R40 Live (3CD, 3CD+DVD, 3CD+Blu-ray, DVD, Blu-ray)
Release Date: 4th December 2015
Canadian progressive rock legends Rush have been recording and touring for over 40 years now. With more Gold and Platinum discs (and other awards) than most can barely dream of, this trio have produced a fine string of top selling albums and explored more keys than a locksmith.
Originally planned as a 40th anniversary of their 1974 eponymous debut, the 2015 tour became a 40th anniversary of drummer Neil Peart joining the band.
This live tour ran from May to August this year and this extensive live set, recorded over two sold-out shows in their native Toronto, Ontario, Canada, spans their 41 year recording career.
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Rush started as a blues/rock band (think British blues power trio) and moved in a more progressive rock direction, influenced by early Genesis and Jethro Tull, but during the 80s the sound was updated with the introduction of polished hard rock, radio friendly power pop and even a hint of reggae in places.
With albums like '2112' (reviewed on MetalTalk here), 'A Farewell To Kings' and 'Permanent Waves', and live sets including 'Exit Stage Left' and 'A Show Of Hands', there's many a polished progressive set that is essential listening.
With trademark high vocals, time and key changes, layered multi instruments and fantasy concepts, the band have built a virtuoso reputation and fan-base to match. Oh, and there might be the odd hit single along the way too.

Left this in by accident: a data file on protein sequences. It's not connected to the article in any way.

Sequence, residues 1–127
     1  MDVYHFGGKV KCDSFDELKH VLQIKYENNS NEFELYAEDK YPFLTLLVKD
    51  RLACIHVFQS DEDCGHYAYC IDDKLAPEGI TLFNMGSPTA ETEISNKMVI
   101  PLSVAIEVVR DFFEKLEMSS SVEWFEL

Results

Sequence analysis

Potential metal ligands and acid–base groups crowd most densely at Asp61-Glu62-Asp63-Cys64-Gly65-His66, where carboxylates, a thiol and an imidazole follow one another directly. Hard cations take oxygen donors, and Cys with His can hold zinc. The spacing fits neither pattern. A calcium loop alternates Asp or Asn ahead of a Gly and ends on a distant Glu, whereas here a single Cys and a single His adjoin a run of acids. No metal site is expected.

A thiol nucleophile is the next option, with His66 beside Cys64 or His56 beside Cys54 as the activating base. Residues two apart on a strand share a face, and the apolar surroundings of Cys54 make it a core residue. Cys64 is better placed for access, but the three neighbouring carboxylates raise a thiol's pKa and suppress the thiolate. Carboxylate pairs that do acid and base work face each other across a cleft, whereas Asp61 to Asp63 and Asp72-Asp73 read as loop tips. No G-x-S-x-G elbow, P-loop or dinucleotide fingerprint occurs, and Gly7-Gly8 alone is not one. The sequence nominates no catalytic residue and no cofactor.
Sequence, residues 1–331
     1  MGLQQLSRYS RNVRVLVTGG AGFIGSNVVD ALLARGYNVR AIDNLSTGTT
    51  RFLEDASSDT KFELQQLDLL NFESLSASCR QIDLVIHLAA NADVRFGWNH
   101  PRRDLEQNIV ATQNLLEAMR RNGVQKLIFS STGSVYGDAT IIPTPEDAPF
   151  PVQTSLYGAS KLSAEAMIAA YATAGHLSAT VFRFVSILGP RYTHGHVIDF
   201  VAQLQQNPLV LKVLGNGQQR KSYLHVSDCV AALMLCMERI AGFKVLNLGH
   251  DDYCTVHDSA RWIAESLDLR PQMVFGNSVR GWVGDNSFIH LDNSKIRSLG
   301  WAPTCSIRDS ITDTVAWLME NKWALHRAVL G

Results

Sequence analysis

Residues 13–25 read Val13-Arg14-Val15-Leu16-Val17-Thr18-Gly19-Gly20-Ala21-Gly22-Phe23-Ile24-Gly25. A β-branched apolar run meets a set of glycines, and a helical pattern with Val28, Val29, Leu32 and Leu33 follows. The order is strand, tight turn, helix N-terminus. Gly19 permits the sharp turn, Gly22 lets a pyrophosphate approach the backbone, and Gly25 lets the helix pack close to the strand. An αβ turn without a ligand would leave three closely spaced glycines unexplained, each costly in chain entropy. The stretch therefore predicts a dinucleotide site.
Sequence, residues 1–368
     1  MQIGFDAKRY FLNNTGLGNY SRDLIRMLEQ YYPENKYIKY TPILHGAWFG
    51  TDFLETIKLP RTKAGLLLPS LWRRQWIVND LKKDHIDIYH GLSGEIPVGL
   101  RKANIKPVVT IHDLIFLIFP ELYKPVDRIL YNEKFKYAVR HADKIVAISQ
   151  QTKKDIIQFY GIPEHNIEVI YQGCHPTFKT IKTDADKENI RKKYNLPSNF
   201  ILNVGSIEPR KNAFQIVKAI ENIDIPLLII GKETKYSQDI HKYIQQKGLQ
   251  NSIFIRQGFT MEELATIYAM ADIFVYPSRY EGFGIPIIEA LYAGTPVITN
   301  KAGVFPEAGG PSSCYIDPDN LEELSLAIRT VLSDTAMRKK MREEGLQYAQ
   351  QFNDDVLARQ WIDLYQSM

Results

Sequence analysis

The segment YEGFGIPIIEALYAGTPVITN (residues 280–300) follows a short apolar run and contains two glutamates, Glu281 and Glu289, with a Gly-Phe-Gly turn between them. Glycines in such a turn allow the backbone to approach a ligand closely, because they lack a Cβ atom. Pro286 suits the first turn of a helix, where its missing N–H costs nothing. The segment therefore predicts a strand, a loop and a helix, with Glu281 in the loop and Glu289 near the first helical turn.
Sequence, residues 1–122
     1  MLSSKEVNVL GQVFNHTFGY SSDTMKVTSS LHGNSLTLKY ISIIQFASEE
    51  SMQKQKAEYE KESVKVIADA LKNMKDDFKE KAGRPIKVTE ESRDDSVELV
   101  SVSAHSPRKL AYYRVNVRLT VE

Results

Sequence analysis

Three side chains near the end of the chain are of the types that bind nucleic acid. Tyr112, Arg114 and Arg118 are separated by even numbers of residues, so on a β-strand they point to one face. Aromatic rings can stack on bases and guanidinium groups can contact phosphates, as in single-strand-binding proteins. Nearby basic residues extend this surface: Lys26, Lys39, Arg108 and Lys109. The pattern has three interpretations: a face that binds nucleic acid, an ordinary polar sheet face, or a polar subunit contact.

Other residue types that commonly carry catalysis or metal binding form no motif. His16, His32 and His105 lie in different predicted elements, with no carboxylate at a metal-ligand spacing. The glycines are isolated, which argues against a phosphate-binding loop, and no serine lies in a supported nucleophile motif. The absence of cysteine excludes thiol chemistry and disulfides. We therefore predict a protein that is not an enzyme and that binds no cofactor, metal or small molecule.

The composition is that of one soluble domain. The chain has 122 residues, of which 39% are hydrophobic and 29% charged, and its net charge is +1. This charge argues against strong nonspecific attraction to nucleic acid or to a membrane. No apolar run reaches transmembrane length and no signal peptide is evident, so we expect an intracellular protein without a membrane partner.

The show here opens with 'The World Is…. The World is…', the enthusiastic audience response that of a homecoming. 'The Anarchist' from 2012's Clockwork Angels is seven minutes of modern prog rock joy, some serious riffing and driving rhythms.
'Headlong Flight' from the same album, showing confidence in their newer material, continues the modern heavy sound and is slightly extended too, finishing with the band talking to the crowd.
'Far Cry' ('Snakes and Arrow') is a chunkier number with equal polish and layering.
With tracks from 'Signals' ('Subdivisions', 'Losing It'), 'Grace Under Pressure' ('Between The Wheels') and 'Roll The Bones', disc one is already mixing material from across the catalogue, across the genres.
The band engage the audience between songs, and the songs themselves are of varied length, not all side-spanning workouts which keeps the interest. 'How It Is' gets a rare live outing too.
There's a thoroughly enjoyable heaviness to much here, and the keyboard peddles add an extra dimension too.
Disc 2 kicks off with 'Tom Sawyer', a fan and radio favourite, and from then on the spread of tracks from across the catalogue continues in a fashion that will have fans drooling.
'XYZ' has always been a personal favourite, likewise 'Spirit Of Radio'. 'Cygnus X-1The Story So Far' includes a drum solo, then 'Xanadu', '2112', 'Distant Early Warning' and a return to 'Losing It', all highlighting both a strength of material across the years and the blend of 70s progressive rock with a more modern technical Art Rock.
From riffing/soloing alternating with guitar/bass interplay, and powerful and intricate rhythms throughout, this trio produce an interesting, encapsulating and intriguing rock that is energetic throughout.
There are thirty one tracks across three CDs, a recording quality that lives up to Rush's usual standards, and visually the numerous cameras capture the band and audience in film-like fashion. The stripped down stage set put the emphasis on the music, and rightly so.
While the band are on top form, the music excellent, the performance tight and energetic, and although organic in places the fairly close adherence to the original album arrangements does sound slightly dry compared to other live sets.
The visuals are done really well, but it's the audio option that will probably be of most interest to the more casual fan.